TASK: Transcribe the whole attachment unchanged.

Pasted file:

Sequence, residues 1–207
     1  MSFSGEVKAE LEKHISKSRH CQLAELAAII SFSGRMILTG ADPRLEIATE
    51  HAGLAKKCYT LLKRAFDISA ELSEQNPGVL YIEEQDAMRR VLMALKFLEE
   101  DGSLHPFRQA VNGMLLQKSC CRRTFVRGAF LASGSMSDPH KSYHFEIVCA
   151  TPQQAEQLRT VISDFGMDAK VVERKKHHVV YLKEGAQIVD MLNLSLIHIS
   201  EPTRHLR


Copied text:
Sequence, residues 1–207
     1  MSFSGEVKAE LEKHISKSRH CQLAELAAII SFSGRMILTG ADPRLEIATE
    51  HAGLAKKCYT LLKRAFDISA ELSEQNPGVL YIEEQDAMRR VLMALKFLEE
   101  DGSLHPFRQA VNGMLLQKSC CRRTFVRGAF LASGSMSDPH KSYHFEIVCA
   151  TPQQAEQLRT VISDFGMDAK VVERKKHHVV YLKEGAQIVD MLNLSLIHIS
   201  EPTRHLR